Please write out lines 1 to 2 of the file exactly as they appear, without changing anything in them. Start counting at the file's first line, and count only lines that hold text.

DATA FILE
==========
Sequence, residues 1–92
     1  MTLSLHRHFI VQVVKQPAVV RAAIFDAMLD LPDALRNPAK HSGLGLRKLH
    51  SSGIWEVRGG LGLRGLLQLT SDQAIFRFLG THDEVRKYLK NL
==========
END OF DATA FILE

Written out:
Sequence, residues 1–92
     1  MTLSLHRHFI VQVVKQPAVV RAAIFDAMLD LPDALRNPAK HSGLGLRKLH